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The Thousands Of Children Who Go To Immigration Court Alone

The Thousands of Children Who Go to Immigration Court Alone

A few times a month, San Francisco’s immigration court becomes a day-care center of sorts. Toys, stuffed animals, and coloring books decorate the waiting room. Children as young as four years old have come here not to play, but to stand in front of an immigration judge and defend themselves against deportation.

When I visited the court one afternoon this past March, about 20 kids had formed a single-file line as they waited to go through security. Wide-eyed boys in t-shirts and jeans cracked their knuckles. Many had never been to a courtroom before. Some were wearing suits in an attempt to make a good first impression. Some of them took a seat on the thinly padded metal chairs, crossing and recrossing their legs. Teenage girls with colorful ribbons in their hair studied their surroundings.

“It looks almost like you’re going into a pediatrician’s office,” said Katie Annand, the managing attorney with Kids in Need of Defense (kind), an organization that helps immigrant children find attorneys. “There are children lining the benches of the courtroom. Many of them … have no one to represent them.”

For immigrant children living in San Francisco, state funding, non-profit legal services, and volunteer attorneys mean that they have a better chance of having a lawyer stand by their side during deportation proceedings. That’s not the case for children who must find their way roughly 180 miles from Fresno County, in the heart of California’s Central Valley, where a sizable immigrant population lives.

Up until two years ago, there were no free legal-service providers for unaccompanied children based in the Fresno area. Kids In Need of Defense opened a Fresno branch two years ago to provide pro bono legal services for immigrant children in that area. kind is currently the only free legal-service provider specifically for unaccompanied minors in the city of Fresno.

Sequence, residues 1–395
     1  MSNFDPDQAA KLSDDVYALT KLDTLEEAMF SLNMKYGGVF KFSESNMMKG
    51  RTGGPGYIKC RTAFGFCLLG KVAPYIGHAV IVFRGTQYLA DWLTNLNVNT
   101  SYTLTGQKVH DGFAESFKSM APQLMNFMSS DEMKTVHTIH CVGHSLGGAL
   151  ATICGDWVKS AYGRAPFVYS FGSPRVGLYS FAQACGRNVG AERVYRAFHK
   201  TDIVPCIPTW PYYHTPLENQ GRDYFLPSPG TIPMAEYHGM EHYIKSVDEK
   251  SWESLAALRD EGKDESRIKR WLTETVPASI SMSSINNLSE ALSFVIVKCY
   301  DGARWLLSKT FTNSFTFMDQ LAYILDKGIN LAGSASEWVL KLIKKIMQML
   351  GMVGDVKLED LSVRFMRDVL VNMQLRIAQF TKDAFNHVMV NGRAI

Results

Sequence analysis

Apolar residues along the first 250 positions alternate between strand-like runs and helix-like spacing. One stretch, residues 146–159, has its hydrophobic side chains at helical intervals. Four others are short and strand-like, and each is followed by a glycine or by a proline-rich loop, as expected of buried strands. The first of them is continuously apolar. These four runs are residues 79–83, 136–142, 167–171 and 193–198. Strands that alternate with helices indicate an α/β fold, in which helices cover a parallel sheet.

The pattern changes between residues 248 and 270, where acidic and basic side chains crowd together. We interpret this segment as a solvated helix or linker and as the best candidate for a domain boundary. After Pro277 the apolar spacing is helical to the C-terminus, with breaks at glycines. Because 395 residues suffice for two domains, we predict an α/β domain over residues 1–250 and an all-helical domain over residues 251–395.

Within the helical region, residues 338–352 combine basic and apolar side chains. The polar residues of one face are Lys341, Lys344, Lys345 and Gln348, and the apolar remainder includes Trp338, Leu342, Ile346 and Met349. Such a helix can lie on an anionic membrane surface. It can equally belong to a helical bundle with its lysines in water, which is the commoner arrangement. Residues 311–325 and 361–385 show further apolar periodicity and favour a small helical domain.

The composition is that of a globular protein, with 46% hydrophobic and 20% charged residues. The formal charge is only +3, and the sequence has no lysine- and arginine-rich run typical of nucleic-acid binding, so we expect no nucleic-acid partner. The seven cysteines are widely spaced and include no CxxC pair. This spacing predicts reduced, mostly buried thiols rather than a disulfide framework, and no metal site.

One reason for the lack of free legal services in Fresno is limited funding, said Jesus Martinez, the director of the Central Valley Immigrant Integration Collaborative (CVIIC). Many people I spoke with described the area’s political environment as conservative, which may have made it difficult to drum up support for funding for the immigrant community. Traditionally, most of the Central Valley has voted red, contrary to the liberal coastal counties of California. In January of 2017, Fresno mayor Lee Brand announced that Fresno wouldn’t join the “sanctuary city” movement, which was formed to express support for people who enter the United States illegally.

Local immigration advocates fought back. Last year, after increased immigration enforcement under the Trump administration, community organizers led by Faith in the Valley, a grassroots community organization, proposed a $200,000 legal-defense fund for immigrants, to be created with public and private funds. The money could have provided some legal relief for immigrants, among them unaccompanied children.

The proposal was voted down by the Fresno City Council, a decision Martinez called “disappointing.” “They have a very distorted view of what immigrants are, what their contributions are to the U.S. and to the Fresno area [are], and the responsibility that the local government should have toward its immigrant residents,” Martinez said of the City Council members who opposed the proposal. After the Fresno City Council rejected the proposal, Faith in the Valley started a fundraiser online to raise money for legal representation for immigrants, and they eventually created a legal-defense fund.

Read more at The Atlantic.

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